• atopy patch test;
  • children;
  • epidemiology;
  • food allergens;
  • inhalant allergens;
  • unselected population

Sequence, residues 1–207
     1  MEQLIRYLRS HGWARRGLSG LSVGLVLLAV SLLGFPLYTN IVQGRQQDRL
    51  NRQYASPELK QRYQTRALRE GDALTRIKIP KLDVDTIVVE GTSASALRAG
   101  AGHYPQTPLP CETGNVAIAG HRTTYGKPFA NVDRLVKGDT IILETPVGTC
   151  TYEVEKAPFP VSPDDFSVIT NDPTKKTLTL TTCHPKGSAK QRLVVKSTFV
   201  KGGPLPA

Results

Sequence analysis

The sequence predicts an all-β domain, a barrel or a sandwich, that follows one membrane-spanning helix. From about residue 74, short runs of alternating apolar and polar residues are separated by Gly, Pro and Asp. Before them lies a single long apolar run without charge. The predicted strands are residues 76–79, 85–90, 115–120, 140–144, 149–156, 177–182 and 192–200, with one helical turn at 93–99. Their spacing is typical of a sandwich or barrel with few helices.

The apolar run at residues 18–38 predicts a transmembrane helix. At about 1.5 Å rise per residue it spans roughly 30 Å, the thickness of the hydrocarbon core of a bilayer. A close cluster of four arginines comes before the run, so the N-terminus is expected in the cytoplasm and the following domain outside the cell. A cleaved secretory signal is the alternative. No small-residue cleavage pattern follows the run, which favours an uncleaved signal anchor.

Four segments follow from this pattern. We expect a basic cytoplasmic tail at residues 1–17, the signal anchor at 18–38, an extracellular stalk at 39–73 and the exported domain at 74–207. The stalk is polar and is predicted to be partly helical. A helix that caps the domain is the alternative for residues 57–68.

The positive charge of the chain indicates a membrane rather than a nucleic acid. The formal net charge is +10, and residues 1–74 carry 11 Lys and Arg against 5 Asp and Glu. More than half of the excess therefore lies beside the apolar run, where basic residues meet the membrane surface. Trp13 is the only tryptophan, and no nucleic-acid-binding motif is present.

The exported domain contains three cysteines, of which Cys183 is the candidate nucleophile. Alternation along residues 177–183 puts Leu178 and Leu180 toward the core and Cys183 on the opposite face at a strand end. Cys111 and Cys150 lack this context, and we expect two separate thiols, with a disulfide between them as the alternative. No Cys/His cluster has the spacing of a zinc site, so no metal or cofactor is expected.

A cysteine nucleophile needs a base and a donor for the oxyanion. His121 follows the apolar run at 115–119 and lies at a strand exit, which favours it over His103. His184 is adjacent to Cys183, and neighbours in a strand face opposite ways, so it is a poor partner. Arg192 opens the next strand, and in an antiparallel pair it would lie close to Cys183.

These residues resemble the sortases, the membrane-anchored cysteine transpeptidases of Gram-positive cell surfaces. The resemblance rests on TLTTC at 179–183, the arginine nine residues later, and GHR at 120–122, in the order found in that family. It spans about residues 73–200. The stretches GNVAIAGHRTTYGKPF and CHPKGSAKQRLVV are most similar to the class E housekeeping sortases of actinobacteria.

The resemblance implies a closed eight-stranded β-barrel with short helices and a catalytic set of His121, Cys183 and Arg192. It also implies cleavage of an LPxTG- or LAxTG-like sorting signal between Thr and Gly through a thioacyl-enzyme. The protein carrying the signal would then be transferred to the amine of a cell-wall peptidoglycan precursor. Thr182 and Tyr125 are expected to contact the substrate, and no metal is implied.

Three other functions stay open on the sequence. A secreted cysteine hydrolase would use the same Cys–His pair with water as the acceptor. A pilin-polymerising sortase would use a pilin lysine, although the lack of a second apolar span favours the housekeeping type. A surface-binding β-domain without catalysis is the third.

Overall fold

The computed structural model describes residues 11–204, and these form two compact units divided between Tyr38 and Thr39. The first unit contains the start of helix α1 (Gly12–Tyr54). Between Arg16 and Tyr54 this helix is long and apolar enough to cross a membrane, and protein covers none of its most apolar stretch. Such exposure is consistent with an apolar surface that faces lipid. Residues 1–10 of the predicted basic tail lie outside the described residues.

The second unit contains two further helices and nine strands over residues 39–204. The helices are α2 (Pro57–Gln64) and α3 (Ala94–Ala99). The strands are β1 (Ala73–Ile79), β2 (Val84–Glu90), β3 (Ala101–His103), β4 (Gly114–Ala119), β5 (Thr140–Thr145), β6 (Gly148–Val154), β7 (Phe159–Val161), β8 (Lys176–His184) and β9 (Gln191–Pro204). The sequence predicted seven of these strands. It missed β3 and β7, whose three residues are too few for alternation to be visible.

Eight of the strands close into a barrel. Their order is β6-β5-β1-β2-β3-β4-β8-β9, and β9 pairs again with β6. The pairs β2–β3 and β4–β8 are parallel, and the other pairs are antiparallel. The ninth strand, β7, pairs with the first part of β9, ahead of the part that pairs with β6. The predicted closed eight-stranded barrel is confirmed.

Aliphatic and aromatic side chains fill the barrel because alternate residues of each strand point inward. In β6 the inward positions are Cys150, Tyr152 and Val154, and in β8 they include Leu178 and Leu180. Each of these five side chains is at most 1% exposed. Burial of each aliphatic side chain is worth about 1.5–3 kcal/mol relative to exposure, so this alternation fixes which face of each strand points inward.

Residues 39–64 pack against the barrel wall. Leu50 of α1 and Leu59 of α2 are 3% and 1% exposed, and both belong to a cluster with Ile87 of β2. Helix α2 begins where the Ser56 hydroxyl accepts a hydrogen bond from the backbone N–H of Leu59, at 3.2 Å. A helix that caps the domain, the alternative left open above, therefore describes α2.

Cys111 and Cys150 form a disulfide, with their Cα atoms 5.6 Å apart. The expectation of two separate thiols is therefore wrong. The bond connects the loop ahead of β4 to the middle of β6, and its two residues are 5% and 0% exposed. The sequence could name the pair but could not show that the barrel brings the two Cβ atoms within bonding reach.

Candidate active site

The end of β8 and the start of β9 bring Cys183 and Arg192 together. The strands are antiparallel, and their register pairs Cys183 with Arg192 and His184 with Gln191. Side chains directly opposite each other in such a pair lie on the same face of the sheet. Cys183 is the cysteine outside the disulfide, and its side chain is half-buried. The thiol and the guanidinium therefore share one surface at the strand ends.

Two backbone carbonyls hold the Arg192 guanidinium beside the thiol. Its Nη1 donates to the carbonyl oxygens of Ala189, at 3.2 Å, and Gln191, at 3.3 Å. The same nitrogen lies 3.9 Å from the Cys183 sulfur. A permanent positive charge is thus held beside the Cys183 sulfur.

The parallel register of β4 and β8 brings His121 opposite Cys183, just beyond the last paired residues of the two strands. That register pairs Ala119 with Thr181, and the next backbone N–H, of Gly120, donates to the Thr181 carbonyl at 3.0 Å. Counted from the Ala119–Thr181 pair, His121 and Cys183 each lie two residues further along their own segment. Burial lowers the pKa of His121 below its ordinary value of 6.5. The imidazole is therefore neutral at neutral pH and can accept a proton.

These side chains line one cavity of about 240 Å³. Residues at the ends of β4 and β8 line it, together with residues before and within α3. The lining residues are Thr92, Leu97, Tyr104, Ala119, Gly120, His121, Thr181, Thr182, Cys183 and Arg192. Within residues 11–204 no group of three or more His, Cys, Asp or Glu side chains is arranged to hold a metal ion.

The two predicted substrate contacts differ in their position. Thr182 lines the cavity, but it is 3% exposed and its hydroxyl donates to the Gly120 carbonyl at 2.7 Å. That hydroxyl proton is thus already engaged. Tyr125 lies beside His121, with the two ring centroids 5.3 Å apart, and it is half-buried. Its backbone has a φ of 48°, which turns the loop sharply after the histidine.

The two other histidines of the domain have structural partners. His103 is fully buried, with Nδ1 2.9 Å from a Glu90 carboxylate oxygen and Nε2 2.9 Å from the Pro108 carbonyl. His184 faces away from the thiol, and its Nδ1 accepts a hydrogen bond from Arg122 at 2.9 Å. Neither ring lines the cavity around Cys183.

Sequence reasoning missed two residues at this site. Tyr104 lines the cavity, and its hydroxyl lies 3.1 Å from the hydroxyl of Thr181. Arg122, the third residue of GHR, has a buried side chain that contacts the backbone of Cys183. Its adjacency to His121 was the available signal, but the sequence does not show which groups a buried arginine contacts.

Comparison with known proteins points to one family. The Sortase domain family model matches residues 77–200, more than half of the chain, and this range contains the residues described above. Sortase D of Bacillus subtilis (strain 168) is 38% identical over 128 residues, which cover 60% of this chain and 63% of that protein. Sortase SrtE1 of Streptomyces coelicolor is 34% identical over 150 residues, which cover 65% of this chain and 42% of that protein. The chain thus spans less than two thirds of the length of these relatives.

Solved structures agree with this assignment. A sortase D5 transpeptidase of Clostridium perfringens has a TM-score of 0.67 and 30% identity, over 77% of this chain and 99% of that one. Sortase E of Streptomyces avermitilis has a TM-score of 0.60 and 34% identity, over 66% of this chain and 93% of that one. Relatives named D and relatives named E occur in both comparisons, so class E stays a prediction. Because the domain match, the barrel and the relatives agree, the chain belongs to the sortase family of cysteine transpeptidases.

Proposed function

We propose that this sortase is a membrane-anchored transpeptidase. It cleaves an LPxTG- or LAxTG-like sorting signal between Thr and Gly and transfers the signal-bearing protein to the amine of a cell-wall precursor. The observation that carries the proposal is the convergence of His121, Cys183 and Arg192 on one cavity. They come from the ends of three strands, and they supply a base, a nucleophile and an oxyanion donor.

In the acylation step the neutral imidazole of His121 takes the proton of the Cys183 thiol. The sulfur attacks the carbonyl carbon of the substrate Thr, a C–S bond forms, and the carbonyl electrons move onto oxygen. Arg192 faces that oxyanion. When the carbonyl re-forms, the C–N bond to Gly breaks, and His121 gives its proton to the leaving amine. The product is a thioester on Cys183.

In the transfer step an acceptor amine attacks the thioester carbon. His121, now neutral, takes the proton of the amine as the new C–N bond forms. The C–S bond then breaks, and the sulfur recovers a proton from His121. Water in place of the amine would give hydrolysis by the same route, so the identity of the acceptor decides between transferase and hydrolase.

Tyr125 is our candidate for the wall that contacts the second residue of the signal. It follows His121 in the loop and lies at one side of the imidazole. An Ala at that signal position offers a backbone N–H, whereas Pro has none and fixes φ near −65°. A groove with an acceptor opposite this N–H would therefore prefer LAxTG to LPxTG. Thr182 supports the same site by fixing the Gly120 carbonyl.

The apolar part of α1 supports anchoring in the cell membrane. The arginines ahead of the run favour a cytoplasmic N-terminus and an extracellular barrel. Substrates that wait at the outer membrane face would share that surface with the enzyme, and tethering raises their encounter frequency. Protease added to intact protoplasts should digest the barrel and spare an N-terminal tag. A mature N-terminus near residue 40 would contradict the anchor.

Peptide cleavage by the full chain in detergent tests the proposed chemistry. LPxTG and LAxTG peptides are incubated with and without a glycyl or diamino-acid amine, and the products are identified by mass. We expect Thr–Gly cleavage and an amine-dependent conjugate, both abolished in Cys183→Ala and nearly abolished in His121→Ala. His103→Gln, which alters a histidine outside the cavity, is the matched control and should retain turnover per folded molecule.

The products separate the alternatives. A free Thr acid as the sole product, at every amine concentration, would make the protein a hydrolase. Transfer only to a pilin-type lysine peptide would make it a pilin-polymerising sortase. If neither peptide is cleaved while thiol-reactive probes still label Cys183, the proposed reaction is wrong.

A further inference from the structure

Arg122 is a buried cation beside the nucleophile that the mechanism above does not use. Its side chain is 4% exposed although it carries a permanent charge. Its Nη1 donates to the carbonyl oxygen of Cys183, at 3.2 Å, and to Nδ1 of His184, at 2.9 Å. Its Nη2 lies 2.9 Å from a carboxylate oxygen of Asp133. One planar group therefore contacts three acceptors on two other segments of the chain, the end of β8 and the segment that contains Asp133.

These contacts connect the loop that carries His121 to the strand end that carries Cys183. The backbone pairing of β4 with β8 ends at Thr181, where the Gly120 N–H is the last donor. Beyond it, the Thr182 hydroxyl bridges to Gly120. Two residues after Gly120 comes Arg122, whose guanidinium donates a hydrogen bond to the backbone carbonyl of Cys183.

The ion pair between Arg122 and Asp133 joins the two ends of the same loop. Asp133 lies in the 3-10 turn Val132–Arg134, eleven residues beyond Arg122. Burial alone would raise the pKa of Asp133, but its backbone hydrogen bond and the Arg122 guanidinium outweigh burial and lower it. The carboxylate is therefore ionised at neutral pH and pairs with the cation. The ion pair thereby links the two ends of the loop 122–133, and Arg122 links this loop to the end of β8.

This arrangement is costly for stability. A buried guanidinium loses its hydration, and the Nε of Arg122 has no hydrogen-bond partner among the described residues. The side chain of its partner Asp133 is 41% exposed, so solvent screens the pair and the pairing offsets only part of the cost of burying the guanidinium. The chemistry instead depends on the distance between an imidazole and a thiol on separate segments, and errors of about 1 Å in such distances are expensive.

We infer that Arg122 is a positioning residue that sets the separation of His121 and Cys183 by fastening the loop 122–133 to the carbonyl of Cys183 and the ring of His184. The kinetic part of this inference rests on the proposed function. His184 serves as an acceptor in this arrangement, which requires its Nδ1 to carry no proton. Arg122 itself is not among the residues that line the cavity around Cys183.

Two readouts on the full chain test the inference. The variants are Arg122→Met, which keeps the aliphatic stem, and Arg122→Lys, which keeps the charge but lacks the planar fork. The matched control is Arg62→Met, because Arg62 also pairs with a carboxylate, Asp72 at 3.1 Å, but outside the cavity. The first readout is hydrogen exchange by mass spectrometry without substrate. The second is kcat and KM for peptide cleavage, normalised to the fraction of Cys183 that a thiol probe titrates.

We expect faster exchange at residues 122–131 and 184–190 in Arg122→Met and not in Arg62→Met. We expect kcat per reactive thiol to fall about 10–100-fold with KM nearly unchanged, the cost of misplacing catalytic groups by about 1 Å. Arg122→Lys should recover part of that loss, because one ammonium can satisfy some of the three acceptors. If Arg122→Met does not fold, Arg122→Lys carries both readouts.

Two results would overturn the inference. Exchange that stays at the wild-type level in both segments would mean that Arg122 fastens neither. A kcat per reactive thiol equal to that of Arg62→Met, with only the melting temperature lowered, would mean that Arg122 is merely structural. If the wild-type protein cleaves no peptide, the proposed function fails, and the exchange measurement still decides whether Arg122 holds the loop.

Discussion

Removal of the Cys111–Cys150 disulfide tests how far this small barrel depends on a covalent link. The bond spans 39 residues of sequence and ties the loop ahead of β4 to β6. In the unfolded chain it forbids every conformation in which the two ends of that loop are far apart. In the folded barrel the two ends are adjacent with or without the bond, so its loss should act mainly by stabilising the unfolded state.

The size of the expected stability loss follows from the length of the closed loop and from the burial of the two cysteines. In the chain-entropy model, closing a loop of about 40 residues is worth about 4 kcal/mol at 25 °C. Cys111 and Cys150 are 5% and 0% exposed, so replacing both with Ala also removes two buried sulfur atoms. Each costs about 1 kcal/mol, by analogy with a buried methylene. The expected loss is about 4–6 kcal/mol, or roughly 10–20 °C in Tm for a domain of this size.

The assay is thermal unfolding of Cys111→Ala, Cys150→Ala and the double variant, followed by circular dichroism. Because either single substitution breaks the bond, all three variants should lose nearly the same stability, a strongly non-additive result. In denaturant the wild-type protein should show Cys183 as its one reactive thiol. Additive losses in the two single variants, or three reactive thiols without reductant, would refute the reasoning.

Atopy patch test (APT) has been used as a diagnostic tool in patients with suspected food or inhalant allergy. This study assessed the prevalence of positive APT with food or inhalant allergens in an unselected population of schoolchildren. We also evaluated the link between positive APT reactions and skin-prick tests (SPT) for food and inhalant allergens, circulating eosinophils and histamine skin reactivity. We studied an unselected population of 380 children aged 9 or 13 yr living in Rome, Italy. APTs were carried out with food (native or standardized) and inhalant allergens. All the children also underwent skin-prick testing with five common inhalant and four food allergens. We also measured eosinophil cell counts and histamine skin reactivity. The prevalence of positive APT reactions for foods in unselected children ranged between 4% and 11% for hen’s egg, tomato, and wheat flour and was similar for both age groups studied. The prevalence of positive APT for milk was significantly lower in children aged 13 than in children aged 9 (p = 0.013). No concordance emerged between positive APT and SPT for foods. Conversely, APT and SPT for inhalant allergens yielded statistically significant concordance (p < 0.001). APT produces positive reactions for food or inhalant allergens in a significant number of subjects in the general population of schoolchildren. Age influences the prevalence of positive APTs with cow’s milk to some extent. Inhalant allergens probably induce a positive APT reaction through an immunoglobulin E-linked process, while food allergens probably do not.